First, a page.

Yes. This is what it’s like inside my head when I’m reading. And I can’t believe I’d forgotten that this is what books do to me. They transport me to all sorts of strange places by means of my own creativity, which takes what I’ve just read, feeds on it, and rebirths it in my mind as something new and totally unique to me.

And these newborn babes of my imagination, they scream and they cry and they wail for my attention – and how can I not give it to them? I may not write down notes on what I’ve learned, for I can always read the book again to pick up the sense of it. But I can’t ignore the calling of my inspiration, for she is an erratic little madam and, if neglected, may well choose not to grace me with her unique revelations again.

And so I am not making the progress with my reading speed that I’d hoped – but it is not for the reasons I might have assumed. I am giving in to the lure of the ideas and letting them take wing – much like those imaginary butterflies – and I am following them wherever they might lead.

The last ‘practical change’ I made to my life as a result of reading a book was not something serious or worthy. It was to open a new vein of creativity, specifically with regard to my cat’s blog. It wasn’t what I was expecting, and I’m certain it won’t be what others were expecting either.

That’s the joy of reading. Books can take us to places we never even dreamed of. I’m only three months in to my book challenge, and already I’m beginning to notice a difference, to see the world that is opening up both within my head and without. I can’t begin to envisage where I might find myself come December.

But I am feeling very excited at the prospect.

Four Characters

Four charactersI’m currently attending a Writers’ Workshop at my local library on Thursday nights. We’re only just getting started, but so far have looked at aspects of writing such as ideas, characterisation, location, dialogue, and plot.

Last week, almost in passing, my writing tutor mentioned something about ‘four character types’ that are often to be found forming a fictional group:

  • The one who’s top dog
  • The one who wants to be top dog
  • The one who’ll never be top dog
  • The one who doesn’t care

This reminded me of a thought I’d had ages ago, about four different character types, which I’ve noticed cropping up with enough regularity for me to consider it a ‘thing’. Some groups fit the paradigm quite neatly, others are a bit more of a stretch.

To be fair, I suspect each of my types could be aligned to one on the above list – so it’s possible I’ve not come up with anything new, just come to the same conclusion but with slightly different descriptions.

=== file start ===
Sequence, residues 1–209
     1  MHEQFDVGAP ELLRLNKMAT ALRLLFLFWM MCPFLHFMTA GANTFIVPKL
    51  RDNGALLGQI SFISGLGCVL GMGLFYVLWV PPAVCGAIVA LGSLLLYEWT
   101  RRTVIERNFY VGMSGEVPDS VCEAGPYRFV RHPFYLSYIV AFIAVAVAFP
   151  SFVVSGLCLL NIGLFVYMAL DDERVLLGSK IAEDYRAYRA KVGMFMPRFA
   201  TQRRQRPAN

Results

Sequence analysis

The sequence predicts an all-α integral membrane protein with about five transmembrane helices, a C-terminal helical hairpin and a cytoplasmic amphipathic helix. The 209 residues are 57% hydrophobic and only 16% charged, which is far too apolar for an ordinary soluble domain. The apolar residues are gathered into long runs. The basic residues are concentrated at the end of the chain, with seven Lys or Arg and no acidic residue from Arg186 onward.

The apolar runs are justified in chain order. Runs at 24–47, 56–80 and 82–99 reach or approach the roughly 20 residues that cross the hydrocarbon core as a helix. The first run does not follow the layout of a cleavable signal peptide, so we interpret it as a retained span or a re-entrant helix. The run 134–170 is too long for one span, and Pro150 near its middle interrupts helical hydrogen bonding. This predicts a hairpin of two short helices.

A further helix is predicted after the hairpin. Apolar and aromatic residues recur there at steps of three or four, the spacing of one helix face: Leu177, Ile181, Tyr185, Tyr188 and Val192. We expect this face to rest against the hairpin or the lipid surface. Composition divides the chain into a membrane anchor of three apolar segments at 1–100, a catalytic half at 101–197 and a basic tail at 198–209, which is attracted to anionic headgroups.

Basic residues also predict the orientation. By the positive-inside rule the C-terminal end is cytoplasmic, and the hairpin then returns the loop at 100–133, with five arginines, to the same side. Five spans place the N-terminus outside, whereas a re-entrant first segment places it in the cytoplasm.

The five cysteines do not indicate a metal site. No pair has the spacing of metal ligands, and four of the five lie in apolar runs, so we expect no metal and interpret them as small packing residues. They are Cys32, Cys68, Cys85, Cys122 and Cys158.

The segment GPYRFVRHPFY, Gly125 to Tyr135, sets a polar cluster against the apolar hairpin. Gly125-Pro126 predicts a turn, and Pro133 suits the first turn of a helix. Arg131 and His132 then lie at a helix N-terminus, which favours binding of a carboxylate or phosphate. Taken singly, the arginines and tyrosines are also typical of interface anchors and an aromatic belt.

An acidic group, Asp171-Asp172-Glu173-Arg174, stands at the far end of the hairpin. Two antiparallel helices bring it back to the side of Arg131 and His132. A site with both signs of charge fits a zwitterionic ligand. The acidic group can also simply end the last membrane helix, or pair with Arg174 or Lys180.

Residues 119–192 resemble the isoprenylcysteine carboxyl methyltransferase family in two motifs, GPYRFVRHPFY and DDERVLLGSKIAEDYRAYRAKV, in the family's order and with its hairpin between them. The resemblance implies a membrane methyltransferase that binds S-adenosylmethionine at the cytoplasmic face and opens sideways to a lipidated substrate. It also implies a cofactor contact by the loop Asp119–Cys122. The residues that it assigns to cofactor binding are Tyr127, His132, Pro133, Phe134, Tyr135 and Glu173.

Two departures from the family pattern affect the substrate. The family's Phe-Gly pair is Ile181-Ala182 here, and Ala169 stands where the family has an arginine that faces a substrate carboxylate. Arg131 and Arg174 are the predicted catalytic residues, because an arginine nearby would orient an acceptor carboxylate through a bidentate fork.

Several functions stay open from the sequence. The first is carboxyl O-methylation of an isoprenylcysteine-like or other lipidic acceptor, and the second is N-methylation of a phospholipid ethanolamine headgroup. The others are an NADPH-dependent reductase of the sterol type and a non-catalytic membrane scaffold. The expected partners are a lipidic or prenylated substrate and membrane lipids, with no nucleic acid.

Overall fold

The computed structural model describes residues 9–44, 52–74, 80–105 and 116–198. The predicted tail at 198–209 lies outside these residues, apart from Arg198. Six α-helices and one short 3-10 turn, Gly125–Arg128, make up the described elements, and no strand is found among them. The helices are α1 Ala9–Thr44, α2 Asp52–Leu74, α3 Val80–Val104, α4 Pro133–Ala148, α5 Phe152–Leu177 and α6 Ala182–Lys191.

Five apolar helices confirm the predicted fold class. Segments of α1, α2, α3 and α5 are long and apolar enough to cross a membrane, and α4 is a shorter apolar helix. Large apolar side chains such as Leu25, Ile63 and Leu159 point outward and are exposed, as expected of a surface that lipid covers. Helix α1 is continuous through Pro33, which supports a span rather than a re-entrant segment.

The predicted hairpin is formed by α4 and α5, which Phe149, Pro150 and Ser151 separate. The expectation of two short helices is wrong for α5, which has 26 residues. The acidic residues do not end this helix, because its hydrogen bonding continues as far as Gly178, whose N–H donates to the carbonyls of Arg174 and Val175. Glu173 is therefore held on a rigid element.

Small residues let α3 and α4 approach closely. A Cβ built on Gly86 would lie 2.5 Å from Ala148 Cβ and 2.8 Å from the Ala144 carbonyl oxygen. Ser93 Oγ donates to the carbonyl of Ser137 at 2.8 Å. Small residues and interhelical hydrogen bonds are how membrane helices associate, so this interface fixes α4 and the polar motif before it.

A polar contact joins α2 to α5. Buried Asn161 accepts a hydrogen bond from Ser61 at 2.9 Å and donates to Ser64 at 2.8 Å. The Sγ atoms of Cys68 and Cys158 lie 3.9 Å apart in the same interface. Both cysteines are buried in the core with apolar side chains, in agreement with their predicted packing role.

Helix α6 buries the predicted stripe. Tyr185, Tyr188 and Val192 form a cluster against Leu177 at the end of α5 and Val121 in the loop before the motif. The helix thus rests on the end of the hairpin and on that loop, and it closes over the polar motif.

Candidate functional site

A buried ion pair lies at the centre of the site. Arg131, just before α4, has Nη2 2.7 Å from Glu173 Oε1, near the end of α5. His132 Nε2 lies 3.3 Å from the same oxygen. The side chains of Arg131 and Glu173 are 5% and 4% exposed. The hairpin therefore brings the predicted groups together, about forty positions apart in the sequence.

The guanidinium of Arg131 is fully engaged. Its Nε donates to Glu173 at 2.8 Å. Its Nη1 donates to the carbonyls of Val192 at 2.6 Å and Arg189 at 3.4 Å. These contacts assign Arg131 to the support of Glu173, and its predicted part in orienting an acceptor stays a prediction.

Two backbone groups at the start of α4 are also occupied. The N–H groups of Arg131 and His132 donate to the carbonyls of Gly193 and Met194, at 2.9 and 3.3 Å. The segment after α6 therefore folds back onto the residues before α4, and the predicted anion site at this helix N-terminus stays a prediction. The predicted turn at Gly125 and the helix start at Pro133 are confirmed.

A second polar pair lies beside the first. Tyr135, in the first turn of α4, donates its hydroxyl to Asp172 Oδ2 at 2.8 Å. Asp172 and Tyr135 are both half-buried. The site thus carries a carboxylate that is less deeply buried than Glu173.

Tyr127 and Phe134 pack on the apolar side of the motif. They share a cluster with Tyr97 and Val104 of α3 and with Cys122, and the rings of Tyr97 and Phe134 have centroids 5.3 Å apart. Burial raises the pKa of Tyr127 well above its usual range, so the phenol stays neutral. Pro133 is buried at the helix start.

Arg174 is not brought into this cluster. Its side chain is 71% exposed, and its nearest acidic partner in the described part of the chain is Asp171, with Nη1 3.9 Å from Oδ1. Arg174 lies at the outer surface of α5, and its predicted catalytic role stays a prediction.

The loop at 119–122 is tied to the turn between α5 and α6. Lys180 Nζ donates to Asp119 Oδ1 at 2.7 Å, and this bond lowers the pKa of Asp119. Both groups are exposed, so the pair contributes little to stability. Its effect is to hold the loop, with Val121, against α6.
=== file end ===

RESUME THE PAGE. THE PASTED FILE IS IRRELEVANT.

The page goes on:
Anyway, as I was walking home from the workshop, I couldn’t stop thinking about this theory, and even came up with a new example. So I decided to share my thoughts here, to see if it sparks any recognition with anyone else.

Here are my ‘four characters’:

  • The central one
  • The angsty/lovelorn one
  • The one who’s a bit dim / away with the fairies
  • The loud, brash one

To illustrate this, here are a few examples that I’ve spotted (from TV, film, and theatre rather than literature, but I think the theory still holds):

Show Central Angsty Dim Brash
The Inbetweeners Will Simon Neil Jay
Ladies' Day Pearl Jan Linda Shelley
Neville's Island Neville Angus Roy Gordon
The Big Bang Theory Sheldon Leonard Raj Howard
Red Dwarf Lister Rimmer Kryten Cat
Blackadder IV Edmund Darling Baldrick George
The Wizard of Oz Dorothy Tin Man Scarecrow Lion

OK, so some of those are a stretch. The Scarecrow in The Wizard of Oz most definitely isn’t ‘dim’ – but he’s the one who feels he’s lacking brains. Likewise, Raj in The Big Bang Theory, with a PhD in Astrophysics, clearly isn’t dim either – but he’s certainly a little ‘away with the fairies’ at times!

I guess if you were mapping these types on to the earlier types, it would go something like this:

  • Central = top dog
  • Angsty = wants to be top dog
  • Dim = will never be top dog
  • Brash = doesn’t care

Or does the brash one want to be top dog? I reckon Gordon from Neville’s Island would fit that description. Maybe the angsty one is the one who doesn’t care? Jan in Ladies’ Day is nothing like Rimmer in Red Dwarf, so maybe that characterisation falls down completely?

What do you think? Is there something in this that rings bells with you, or have I pushed an occasional grouping of types too far?

Let me know in the comments below!